The liver’s primary responsibility is to metabolize drugs, alcohol, and other chemicals the body is exposed to, breaking them down to substances that can be used or eliminated by the body. The process rarely creates byproducts that can potentially harm the liver, causing hepatitis. However, symptoms of toxic hepatitis can appear quickly, often within hours or days of being exposed to a harmful substance, while drug-induced hepatitis develops slowly after continued exposure to a chemical or repeated use of a drug or alcohol.
Good examples of substances or things that cause the liver to create byproducts that are harmful to it or that are directly toxic include pollutants, cleaning solvents, industrial solvents, and a variety of drugs. Acetaminophen, present in most prescription and over-the-counter medications, is a good example of a drug that causes toxic hepatitis. In therapeutic doses, the drug serves as an effective pain reliever. However, in combination with alcohol or in very high doses, it can lead to life-threatening liver failure.
Some of the most used products capable of instigating drug-induced hepatitis include:
- –Large doses of vitamin supplements
- –Herbal supplements, including ephedra, cascara, chaparral, kava, and comfrey
- –Naproxen sodium, Aspirin, and ibuprofen (especially if combined with alcohol)
Another common cause of drug-induced hepatitis is excessive consumption of alcohol. Liver inflammation caused by alcohol usage might be chronic but mild, lasting years with no exact symptoms. However, as time goes by, the liver continues to get damaged. The mortality rate in severe alcohol-induced hepatitis (known as alcoholic steatohepatitis) cases is about 50 percent. The good thing is that damage can be reversed if the victim stops consuming alcohol.
Lots of prescription drugs have the qualities to cause a drug-induced cause of hepatitis. The effects of most drugs on the liver are unforeseen and appear to be related to immune reactions to the drugs. The list of drugs capable of causing damage to the liver is quite long and is still growing. Amongst them are specific types of antifungal and antibiotic medications, anesthetics, seizure medications, chemotherapy drugs, anabolic steroids, and drugs used to lower cholesterol.
The signs and symptoms of drug-induced and toxic hepatitis tend to vary depending on the root cause. They may develop gradually with continued exposure to specific drugs and toxins or appear suddenly. When present, symptoms, and signs often resemble those of hepatitis.
The diagnosis of drug-induced and toxic hepatitis in patients with hepatitis is often reached by obtaining their full medical history with a focus on the use of prescription and over-the-counter medications, vitamin supplements, herbal products, and alcohol use. At the same time, the hazards the patient might have been exposed to at their workplace like industrial solvents are evaluated. Tests that might be performed to examine toxic hepatitis include:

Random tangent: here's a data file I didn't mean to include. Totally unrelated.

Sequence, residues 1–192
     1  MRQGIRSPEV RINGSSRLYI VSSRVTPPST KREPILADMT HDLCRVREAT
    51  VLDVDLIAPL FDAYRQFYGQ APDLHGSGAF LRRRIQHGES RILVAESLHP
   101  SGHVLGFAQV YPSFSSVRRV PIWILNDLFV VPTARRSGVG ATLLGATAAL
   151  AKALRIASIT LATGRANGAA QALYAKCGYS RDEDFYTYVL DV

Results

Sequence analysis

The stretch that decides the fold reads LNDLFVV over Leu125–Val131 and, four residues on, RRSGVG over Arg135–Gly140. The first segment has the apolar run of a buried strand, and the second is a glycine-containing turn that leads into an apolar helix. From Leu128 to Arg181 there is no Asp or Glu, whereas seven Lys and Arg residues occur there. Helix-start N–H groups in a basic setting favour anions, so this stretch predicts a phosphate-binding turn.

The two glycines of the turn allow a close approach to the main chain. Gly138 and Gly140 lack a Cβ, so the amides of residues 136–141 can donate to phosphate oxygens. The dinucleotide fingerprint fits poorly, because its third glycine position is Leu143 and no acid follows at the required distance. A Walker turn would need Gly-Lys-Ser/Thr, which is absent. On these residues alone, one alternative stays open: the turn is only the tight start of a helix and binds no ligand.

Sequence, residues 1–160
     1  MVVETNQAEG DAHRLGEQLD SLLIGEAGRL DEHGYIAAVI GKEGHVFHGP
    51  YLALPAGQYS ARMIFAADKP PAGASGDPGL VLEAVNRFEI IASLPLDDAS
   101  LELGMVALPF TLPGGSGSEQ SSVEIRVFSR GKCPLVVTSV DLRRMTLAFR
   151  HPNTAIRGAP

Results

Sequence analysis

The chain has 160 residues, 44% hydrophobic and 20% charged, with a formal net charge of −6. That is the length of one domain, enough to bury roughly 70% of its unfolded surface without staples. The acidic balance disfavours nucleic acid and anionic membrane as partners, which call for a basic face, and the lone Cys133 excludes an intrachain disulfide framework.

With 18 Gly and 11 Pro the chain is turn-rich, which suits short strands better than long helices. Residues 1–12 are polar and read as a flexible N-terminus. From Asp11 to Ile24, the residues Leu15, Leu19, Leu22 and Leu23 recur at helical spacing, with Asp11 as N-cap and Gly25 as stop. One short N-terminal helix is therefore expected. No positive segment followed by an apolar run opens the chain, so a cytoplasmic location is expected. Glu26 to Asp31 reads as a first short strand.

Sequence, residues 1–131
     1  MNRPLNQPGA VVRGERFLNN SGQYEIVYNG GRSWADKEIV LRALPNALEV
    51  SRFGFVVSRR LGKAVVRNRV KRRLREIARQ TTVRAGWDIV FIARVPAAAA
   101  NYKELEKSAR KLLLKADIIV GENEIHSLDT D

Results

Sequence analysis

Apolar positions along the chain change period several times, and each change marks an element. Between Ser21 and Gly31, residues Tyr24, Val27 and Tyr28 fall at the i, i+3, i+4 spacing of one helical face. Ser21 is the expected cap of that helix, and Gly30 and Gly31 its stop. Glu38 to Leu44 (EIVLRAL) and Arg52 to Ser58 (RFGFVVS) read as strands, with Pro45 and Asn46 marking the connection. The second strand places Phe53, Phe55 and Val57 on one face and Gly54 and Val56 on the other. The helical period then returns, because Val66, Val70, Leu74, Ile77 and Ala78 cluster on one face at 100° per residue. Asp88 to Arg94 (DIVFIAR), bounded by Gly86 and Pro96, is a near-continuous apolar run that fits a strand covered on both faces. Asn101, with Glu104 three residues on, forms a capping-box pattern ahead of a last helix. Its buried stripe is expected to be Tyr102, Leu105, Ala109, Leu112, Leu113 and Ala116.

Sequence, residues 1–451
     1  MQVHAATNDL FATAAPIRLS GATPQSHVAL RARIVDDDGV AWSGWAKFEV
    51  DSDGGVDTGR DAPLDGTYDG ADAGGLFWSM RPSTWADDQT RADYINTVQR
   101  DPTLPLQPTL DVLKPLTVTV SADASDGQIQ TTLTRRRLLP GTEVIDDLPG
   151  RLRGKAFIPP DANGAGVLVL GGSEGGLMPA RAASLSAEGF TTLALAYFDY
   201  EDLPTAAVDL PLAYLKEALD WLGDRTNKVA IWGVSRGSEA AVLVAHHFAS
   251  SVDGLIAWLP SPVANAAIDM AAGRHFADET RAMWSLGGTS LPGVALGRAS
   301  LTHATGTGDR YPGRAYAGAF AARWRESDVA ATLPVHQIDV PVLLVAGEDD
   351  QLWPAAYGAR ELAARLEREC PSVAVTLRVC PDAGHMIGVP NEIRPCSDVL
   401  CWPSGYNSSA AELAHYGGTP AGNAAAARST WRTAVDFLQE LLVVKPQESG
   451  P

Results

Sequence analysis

- –Ethanol level – used if alcohol is thought to be the cause
- –Liver panel – used to assess liver function and determine liver damage extent
- –Liver biopsy – used to determine the type of liver damage and its extent
- –Overdose and emergency drug testing – including tests for acetaminophen, therapeutic drugs, and drugs of abuse to help determine the root cause of hepatitis and the best treatment option
Inherited Forms of Hepatitis
There are several inherited diseases that affect the liver, and which become apparent, causing symptoms of chronic or acute hepatitis. Examples include:
- –Alpha-1-antitrypsin deficiency – This is the number one genetic cause of liver disease in kids. In adults, the deficiency is more likely to affect their lungs, but liver cancer and cirrhosis are also common in people with this disorder.
- –Hemochromatosis – This is the most common type of inherited hepatitis. It is also associated with the accumulation and absorption of excessive iron by the body. When that happens, the liver is one of the organs in the body that gets damaged. The resulting chronic hepatitis could be because of iron overload.
- –Wilson disease – This rare inherited disorder leads to a buildup of excess copper in the kidneys, eyes, brain, and liver and may cause both chronic and acute hepatitis. If left untreated, the disease becomes worse and could prove fatal.
The signs and symptoms of inherited types of hepatitis are quite varied and tend to be specific to the person with the disease. Click on the above links to learn more about them.
The symptoms and signs of the liver’s involvement in these conditions generally correspond to those of general hepatitis. For more details on those, check out the section on Signs and Symptoms.
Inherited hepatitis is suspected if there’s a history of liver disease in the victim’s family. Some of the common tests used to confirm the presence of inherited forms of liver disease include: